The End of the Amtrak Dining Car. Washington Post: "Amtrak says it is reinventing its dining service on long-distance trains, killing the traditional dining car to create more 'flexible' and 'contemporary' dining options. The carrier says the change, starting this fall on the one-night routes east of the Mississippi River, is driven by the desire to save money and lure a younger generation of new riders — chiefly, millennials known to be always on the run, glued to their phones and not particularly keen on breaking bread with strangers at a communal table. With the transition, Amtrak is doing away with the traditional onboard kitchen, switching to serving prepackaged meals and easing restrictions on the traditional serving times. The change allows the railroad to cut costs associated with cooking aboard and keeping up with the white-tablecloth service that was once known to rival high-end restaurants and clubs." ~~~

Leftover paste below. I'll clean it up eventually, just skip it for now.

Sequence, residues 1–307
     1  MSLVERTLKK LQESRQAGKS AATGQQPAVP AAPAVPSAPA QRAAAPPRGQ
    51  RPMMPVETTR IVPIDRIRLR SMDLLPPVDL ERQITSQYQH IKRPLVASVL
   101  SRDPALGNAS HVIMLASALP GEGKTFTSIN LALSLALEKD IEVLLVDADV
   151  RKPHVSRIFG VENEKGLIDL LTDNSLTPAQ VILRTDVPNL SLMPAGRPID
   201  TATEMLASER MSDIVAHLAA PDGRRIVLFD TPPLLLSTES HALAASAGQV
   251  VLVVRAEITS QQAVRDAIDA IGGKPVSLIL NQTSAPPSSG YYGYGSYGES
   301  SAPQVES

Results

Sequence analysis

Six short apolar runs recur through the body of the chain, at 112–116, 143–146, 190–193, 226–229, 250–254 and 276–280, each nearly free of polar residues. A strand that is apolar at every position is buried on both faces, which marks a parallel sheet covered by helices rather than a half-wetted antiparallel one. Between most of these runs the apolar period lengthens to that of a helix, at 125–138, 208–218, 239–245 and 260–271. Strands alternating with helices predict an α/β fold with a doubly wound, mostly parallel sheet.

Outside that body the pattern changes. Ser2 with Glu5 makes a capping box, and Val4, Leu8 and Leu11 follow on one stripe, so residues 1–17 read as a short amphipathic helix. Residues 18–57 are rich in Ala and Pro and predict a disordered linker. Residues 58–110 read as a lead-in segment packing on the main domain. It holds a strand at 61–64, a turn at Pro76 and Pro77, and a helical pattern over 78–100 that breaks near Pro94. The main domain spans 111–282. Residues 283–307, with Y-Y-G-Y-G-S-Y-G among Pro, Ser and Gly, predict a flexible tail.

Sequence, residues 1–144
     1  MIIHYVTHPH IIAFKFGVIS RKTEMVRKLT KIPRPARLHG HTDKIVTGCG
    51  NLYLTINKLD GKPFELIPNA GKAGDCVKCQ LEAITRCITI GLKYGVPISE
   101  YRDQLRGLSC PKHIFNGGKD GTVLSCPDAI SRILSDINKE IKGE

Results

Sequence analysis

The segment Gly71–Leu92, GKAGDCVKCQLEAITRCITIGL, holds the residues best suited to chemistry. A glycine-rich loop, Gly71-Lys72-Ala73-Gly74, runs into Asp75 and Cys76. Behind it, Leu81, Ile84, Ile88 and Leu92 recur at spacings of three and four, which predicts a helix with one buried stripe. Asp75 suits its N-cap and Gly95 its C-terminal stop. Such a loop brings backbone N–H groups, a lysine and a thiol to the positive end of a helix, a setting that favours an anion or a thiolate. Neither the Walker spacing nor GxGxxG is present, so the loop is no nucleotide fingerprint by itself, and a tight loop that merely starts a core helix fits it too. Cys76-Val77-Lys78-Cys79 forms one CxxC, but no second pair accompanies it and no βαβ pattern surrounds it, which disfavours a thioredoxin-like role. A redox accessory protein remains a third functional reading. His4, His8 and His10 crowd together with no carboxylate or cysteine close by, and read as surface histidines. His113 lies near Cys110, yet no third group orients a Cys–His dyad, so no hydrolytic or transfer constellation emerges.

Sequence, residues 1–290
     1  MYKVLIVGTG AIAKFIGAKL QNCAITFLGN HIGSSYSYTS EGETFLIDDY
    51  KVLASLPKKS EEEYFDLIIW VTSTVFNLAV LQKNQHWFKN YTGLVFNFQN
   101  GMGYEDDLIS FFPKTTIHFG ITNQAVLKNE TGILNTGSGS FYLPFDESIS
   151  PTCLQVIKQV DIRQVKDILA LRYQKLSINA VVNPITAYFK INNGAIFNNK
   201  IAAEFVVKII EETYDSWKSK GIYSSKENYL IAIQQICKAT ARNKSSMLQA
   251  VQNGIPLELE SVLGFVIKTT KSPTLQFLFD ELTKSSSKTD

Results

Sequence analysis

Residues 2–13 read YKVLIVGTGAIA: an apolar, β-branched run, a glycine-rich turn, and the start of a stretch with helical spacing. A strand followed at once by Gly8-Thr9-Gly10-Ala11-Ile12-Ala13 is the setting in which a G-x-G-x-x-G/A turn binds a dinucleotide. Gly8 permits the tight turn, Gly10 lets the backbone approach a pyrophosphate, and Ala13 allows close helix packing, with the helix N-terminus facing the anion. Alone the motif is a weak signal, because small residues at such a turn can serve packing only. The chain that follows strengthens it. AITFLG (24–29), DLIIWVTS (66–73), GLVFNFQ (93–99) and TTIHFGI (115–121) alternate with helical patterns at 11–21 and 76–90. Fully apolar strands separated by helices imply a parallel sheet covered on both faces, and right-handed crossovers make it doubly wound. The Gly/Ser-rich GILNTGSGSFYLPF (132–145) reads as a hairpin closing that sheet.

~~~ Mrs. Bea McCrabbie: I realize many of you are too young to have experienced this, but once upon a time, traveling by train & plane was glamorous. People dressed up to travel, and those who had train roomettes dressed for dinner. My then-husband & I once had a roomette when we traveled from Juarez to Mexico City, & the experience was absolutely fabulous; so was the cuisine in the dining car. Now, it's sensible to dress in the most comfy clothes in anticipation of getting squished into a teeny "economy class" airline seat. The photos accompanying the WashPo story show people wearing casual dress in the white-tablecloth dining room, & the men are too gauche to remove their billed caps. P.S. to American tourists: nobody more messes up a photo of an historic site than a bunch of yahoo sightseers ambling around in their sloppy travel outfits. Then: